It wasn’t until season three that Bobby Baccalieri became a sure thing in the show and started getting the love of the fans. Much of it was because Bobby was quite different from the rest of the characters we got used to seeing in The Sopranos. Instead of being a murderous as*hole, Bobby was more like a shy and bighearted kind of mobster. And, unlike a lot of us would think, those traits didn’t take much away from his ability to perform the jobs he had to do in order to keep the loan shark business going.
One characteristic of Bobby that most fans loved was the fact that he had a few extra pounds. Okay, Bobby was a fat guy; just ask Tony Soprano. The problem is that Steve Schirripa wasn’t as fat as Chase seemed to want the character to be. And because of that, Steve had to wear a fat suit for the first couple of seasons.
11. Stingy HBO
HBO is widely regarded as one of the studios that spend the most money in the making of television series. Hell, can you imagine the fortune they spent on shows like Game of Thrones and The Sopranos? The problem is that despite their apparent tendency to open their pockets in order to keep their great shows running, HBO had an issue before season five of The Sopranos. Apparently, there was a payment dispute between the actors and HBO that almost ended the show.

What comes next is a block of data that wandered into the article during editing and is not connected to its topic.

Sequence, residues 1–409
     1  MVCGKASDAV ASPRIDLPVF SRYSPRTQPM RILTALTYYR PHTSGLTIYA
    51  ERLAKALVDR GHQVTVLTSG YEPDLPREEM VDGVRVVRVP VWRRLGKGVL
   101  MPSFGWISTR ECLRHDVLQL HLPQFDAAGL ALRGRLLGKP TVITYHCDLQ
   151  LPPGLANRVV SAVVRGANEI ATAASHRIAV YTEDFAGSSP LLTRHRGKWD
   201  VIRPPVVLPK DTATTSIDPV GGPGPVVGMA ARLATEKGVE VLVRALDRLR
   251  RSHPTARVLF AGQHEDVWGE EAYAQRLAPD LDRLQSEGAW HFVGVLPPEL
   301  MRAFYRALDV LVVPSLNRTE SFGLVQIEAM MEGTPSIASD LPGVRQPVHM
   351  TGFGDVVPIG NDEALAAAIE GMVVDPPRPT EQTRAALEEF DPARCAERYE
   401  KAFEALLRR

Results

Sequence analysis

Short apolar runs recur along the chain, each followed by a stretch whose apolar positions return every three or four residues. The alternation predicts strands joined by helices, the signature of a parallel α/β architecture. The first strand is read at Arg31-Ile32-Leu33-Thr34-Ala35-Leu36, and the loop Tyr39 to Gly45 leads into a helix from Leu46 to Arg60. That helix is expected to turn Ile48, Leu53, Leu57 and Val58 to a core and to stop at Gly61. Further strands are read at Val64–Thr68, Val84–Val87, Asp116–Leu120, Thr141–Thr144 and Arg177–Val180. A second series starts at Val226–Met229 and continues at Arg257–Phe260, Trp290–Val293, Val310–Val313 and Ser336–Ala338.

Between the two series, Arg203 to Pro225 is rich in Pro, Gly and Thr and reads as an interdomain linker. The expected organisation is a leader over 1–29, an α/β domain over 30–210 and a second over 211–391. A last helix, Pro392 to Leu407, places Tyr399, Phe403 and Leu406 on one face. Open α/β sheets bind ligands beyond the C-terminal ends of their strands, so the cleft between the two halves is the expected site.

We usually imagine the actors who play these huge roles earning massive salaries per episode, but when it comes to The Sopranos, some of the regulars did not make as much as many people would think. Part of the dispute were the salaries of Steven Van Zandt and Tony Sirico, who were being paid around $85,000 per episode. That is a pretty ridiculous figure when you think about how James Gandolfini was being paid about $1 million per episode.